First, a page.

I should have kept the same size but nope. I had a big case of BOOB GREED. I had spent the last 2 years chatting with women online about their implants, looking at their pictures, doing more research - even writing a book about the surgery. I was so in it that my breasts felt small to me, even though they were a whole 2 sizes bigger than my natural ones. I just became blind to what “normal” sized boobs were supposed to look like - it became really easy to want more. So I asked my surgeon to go up in size - almost 200 ccs, and I brought pictures of my ideal boobs. He asked me “are you SURE?” and I insisted that yes I was sure, even though he urged me to reconsider. He gave me what I wanted, but I regretted my decision the SECOND I woke up from surgery. Even under the bandages, I knew I’d made a mistake. They were way too big. They’d be super fun for a night out on the town but day to day, at work, in the gym, with friends and family - they were totally unnecessary.

With that surgery, I switched to silicone Moderate Plus profile, 500 cc in one breast and 525 cc in the other. At 5’2, 115-120 lbs, HOLY BOOBS. They walked into a room before I did. I felt very uncomfortable in a bikini. I wanted boobs but I didn’t want to be ALL boobs! I couldn’t get rid of the “fake” look even after they softened and dropped. On my chest wall, the mod+ profile made them stick out so that I couldn’t ever have a natural slope, even when I wanted to tone them down. They still fit on my body/chest, but they were just in the way, no matter what. Wow. Talk about a lesson learned. I gotta tell you - being faced with the inability to hide your huge boobs is an experience us small breasted women have NEVER had. To feel self conscious because you have “look at me” cleavage in any shirt but a turtleneck, and to have people start talking to your boobs instead of your face is…..interesting. It can be fun for a bit, but it’s not something I wanted to live with forever, though I’m sure it works for some women.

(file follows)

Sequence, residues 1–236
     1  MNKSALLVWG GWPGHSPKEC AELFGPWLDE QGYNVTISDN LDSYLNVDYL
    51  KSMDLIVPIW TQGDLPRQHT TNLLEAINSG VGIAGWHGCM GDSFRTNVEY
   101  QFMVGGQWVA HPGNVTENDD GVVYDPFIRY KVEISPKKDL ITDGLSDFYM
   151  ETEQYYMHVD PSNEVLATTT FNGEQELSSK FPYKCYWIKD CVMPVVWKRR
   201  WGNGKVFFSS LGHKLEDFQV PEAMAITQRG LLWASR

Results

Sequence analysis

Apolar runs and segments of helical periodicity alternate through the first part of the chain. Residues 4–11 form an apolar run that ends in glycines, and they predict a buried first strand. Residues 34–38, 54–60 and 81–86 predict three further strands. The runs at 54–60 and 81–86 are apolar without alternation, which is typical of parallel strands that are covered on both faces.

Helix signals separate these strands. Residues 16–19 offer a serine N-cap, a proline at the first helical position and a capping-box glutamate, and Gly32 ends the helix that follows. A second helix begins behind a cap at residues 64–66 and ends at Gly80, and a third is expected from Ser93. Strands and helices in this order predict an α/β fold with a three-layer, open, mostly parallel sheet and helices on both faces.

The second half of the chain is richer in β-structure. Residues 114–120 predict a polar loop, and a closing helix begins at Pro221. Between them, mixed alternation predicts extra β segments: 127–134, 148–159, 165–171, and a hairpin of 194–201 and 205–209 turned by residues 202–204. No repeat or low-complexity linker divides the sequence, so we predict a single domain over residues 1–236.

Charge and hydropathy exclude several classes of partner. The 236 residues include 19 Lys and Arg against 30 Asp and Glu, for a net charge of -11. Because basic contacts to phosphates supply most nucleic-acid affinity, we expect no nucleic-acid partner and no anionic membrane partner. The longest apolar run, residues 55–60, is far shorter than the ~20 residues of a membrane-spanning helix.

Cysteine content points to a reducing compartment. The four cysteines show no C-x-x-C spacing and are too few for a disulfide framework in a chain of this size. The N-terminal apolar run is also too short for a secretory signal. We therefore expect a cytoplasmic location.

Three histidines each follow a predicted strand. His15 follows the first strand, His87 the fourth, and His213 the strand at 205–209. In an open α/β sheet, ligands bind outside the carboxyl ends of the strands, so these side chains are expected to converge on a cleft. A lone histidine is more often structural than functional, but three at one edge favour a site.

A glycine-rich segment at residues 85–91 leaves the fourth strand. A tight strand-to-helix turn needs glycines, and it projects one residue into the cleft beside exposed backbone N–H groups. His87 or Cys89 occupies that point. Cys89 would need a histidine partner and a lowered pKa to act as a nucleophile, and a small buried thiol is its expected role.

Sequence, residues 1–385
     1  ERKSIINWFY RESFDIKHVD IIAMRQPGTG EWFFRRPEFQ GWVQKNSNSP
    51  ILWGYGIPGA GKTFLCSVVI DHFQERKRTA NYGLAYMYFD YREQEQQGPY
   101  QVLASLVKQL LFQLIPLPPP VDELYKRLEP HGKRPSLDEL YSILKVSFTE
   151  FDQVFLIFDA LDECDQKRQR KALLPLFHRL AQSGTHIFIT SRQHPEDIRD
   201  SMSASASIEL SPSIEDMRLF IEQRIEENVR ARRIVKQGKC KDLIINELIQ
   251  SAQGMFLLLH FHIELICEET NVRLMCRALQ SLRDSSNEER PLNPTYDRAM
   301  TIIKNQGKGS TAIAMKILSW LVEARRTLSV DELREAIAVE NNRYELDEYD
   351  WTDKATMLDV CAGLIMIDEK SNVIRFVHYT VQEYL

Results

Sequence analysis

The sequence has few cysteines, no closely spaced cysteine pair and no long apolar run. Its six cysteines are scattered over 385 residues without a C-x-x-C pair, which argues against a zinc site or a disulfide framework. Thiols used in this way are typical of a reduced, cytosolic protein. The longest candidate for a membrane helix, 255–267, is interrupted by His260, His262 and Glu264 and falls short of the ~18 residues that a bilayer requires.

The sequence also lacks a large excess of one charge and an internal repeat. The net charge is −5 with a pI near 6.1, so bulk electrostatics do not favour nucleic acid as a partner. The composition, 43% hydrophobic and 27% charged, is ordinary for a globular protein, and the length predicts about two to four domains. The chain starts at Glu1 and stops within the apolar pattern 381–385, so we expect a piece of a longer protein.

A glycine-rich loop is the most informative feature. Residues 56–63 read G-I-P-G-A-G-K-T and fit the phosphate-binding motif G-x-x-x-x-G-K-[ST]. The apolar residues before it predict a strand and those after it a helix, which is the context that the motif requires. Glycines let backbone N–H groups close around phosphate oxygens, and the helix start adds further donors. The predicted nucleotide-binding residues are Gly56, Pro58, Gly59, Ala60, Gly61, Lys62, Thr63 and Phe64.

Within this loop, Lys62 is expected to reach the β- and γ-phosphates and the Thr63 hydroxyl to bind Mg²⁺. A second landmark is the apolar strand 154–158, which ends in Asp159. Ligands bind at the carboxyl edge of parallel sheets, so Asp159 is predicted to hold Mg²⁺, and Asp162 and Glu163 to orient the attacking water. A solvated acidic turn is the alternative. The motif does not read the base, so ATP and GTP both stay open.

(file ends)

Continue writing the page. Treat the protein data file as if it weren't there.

I didn’t have the money to switch them out yet again, so I lived with those for 3 years. In September 2012, I was finally able to afford downsizing. I kept the silicone because I liked the fact that I could lose or gain weight without affecting the feel of the implants too much (although even now when I lose weight, I can feel the bag but that’s normal. After all, there IS a bag in there). I downsized back to a moderate profile, 405 cc in one breast, 425 in the other and I am SO glad I did. I can play them up when I want, but be a normal girl with nice boobs the rest of the time - not a small girl with huge boobs. I could have even afforded to go a little smaller, honestly - but these are great.

Both of my second surgeries were done through the periareolar incision, and the scars faded beautifully. It took about a year in both cases for the scars to be almost invisible. They were purple/pink for 3-6 months, then just pink for another 3-6, and then white. It takes a long time, but that’s normal. With my 2nd BA, I used scar sheets, bio oil and vitamin E oil religiously starting 6 weeks post op until 1 year post op. I was determined to make the scars fade as quickly as possible.

With my 3rd BA, I purposefully didn’t put ANYTHING on my scars at all (except for the post-surgical steri strips that fell off in 2 weeks) just to see how much longer it would take my body to make them fade. Well guess what, they faded in the same amount of time - if not a little faster even. Even though it was a second scar in the same place (in theory they should heal worse), they healed just as quickly and perfectly. I honestly believe that it’s because I left them alone. You know how a watch pot never boils? Well the same thing applies here. Stare at them, stress out about them, put stuff on them constantly and they will persist, because you are driving all your energy to them. Leave them alone, go about your life and try to forget about them and they’ll heal and fade and do their thing. The universe works in pretty awesome ways :)